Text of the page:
Why we need more HR professionals on boards

HRM online


written on February 12, 2016

Alison Sherry, FAHRI, is unusual in being an HR professional with role on two boards. She discusses her experiences in the public and private sectors, as well as where HR professionals can continue to add value.

Tell us briefly about your career to date.

I currently work as general manager, people operations at Ranbury. I worked previously at Ergon Energy and as HRD for Currie & Brown, an international construction consulting business where I helped to transition the privately owned business into AMEC, a global FTSE 100 company. I have held senior strategic and operational positions with the Queensland State Government.

You have extensive experience in the public and private sectors. Are the challenges for people management very different?

The fundamentals remain the same, but the environment and culture can be very different. Public sector can be very process, policy and procedure driven which can make decision-making much slower in the HR arena. On the positive side, work-life balance, diversity and equal opportunity employment are far more developed than in the private sector, resulting in higher levels of commitment.  Private sector employees are generally more self-motivated and less risk averse (sometimes bordering on maverick). This sometimes makes it more difficult to show the value that HR brings to the organisation – you have to be able to articulate the cost-benefit analysis of the function.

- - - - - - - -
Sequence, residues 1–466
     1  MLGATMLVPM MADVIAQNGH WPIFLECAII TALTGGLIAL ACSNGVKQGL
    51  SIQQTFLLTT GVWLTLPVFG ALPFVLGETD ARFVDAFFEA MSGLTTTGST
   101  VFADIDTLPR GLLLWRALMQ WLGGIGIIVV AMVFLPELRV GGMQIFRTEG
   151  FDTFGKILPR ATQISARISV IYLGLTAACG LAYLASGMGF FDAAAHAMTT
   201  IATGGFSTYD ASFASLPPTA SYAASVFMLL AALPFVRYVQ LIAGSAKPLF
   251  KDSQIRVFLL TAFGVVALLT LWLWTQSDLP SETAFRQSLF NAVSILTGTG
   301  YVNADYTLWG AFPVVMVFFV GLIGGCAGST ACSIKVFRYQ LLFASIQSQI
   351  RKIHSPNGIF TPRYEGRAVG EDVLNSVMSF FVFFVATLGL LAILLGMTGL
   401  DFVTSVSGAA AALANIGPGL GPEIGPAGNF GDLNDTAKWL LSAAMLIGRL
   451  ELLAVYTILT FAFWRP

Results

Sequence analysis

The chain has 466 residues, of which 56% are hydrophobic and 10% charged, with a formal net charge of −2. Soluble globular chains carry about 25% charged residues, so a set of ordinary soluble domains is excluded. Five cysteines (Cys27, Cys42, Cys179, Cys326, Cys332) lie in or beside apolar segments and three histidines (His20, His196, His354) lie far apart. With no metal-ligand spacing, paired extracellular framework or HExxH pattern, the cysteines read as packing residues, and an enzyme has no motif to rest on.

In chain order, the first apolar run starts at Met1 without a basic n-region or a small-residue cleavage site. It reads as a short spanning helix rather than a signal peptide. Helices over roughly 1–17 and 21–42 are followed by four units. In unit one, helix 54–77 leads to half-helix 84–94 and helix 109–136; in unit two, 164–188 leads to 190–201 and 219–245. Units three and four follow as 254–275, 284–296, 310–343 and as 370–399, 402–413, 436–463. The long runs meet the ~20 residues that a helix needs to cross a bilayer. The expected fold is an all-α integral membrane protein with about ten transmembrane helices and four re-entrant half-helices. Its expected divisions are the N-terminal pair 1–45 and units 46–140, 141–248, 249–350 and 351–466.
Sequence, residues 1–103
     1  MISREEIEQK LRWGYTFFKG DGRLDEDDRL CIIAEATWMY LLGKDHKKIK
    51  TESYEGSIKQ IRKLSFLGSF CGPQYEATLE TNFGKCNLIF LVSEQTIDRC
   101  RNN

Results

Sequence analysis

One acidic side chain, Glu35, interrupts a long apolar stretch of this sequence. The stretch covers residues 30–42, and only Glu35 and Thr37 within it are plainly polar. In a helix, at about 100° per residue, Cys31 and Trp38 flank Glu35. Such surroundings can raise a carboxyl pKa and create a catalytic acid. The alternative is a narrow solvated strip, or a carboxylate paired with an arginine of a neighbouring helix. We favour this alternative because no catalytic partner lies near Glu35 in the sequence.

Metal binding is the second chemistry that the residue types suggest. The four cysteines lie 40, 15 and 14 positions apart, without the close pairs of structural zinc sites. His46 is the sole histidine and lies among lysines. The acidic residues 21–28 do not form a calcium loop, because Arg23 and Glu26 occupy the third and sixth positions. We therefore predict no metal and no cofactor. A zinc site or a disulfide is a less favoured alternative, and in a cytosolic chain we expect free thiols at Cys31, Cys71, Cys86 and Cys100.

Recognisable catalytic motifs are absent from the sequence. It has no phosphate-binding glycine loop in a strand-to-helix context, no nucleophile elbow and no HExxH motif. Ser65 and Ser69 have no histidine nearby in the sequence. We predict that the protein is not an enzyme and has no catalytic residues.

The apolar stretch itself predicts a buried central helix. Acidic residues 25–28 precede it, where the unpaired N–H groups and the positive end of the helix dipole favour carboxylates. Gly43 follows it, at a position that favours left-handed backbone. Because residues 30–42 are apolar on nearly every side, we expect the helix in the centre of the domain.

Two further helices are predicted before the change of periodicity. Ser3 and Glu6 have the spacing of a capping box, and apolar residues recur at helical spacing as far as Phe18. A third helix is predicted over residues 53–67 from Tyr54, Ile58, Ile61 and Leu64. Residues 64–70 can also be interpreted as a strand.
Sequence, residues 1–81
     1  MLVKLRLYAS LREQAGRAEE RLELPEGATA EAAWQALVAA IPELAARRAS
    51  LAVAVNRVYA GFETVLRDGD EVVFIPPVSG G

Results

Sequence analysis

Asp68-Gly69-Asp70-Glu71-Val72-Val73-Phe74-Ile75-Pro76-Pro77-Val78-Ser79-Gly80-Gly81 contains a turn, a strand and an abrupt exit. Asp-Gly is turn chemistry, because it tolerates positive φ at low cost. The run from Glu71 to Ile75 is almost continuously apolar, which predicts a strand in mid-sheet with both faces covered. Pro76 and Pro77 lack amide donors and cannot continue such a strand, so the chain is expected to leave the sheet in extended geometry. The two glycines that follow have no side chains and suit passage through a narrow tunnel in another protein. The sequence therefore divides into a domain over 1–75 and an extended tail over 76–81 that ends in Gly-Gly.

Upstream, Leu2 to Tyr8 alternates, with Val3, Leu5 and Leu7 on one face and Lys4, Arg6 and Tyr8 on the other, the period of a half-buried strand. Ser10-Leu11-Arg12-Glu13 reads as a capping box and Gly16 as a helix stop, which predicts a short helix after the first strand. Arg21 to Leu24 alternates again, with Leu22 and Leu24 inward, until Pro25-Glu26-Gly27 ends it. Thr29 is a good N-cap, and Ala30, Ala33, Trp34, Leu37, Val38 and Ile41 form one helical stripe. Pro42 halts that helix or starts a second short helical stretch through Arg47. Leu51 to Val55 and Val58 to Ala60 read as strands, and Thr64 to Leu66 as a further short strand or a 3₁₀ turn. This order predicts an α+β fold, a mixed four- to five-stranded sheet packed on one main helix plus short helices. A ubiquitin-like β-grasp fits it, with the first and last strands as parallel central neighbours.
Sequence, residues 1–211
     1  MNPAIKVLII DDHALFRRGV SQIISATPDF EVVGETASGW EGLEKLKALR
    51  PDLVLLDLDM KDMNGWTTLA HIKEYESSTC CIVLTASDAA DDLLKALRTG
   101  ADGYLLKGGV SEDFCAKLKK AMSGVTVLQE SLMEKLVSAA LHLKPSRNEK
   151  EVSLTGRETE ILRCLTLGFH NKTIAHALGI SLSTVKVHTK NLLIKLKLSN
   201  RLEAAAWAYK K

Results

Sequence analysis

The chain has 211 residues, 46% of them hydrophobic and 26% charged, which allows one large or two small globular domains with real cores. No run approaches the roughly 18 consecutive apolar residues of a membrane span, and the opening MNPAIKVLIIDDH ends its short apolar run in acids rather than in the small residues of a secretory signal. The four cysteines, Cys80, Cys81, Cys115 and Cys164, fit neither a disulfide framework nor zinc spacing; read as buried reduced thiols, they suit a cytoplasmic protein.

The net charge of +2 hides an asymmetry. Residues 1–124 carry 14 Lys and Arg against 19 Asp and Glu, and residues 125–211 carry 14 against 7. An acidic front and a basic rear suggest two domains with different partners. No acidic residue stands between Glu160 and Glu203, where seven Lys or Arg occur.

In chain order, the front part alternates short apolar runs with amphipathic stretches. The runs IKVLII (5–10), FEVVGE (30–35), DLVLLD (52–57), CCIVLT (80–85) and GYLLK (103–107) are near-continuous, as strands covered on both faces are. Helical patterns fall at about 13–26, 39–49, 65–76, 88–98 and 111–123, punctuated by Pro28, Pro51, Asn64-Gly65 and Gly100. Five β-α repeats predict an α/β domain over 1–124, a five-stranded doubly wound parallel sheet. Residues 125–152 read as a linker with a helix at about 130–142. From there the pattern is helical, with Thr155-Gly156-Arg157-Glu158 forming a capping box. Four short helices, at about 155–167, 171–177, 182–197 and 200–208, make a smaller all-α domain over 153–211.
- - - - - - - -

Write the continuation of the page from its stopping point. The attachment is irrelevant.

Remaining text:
You recently secured your second board position. Why is it important to have more HR professionals on boards?

Insightful companies are realising the importance of good governance over all things people related, and that foundations for success of an organisation lay with its people. Board members should take into account the impact decisions have on the functioning and the behaviour of a company’s employees. This is where experienced and confident HR professionals can add value.

What do you think of AHRI’s new certification framework?

AHRI certification will distinguish those HR professionals who are practising effective, commercially-minded HR practices, and are capable of bringing their HR expertise to the role of true partner to the business and board. Certification will demonstrate to the wider market that your professional knowledge and skills are at an expert level.

This article is an edited version. The full article was first published in the February 2016 issue of HRMonthly magazine as ‘Meet … Alison Sherry’. AHRI members receive HRMonthly 11 times per year as part of their membership. Find out more about AHRI membership here.

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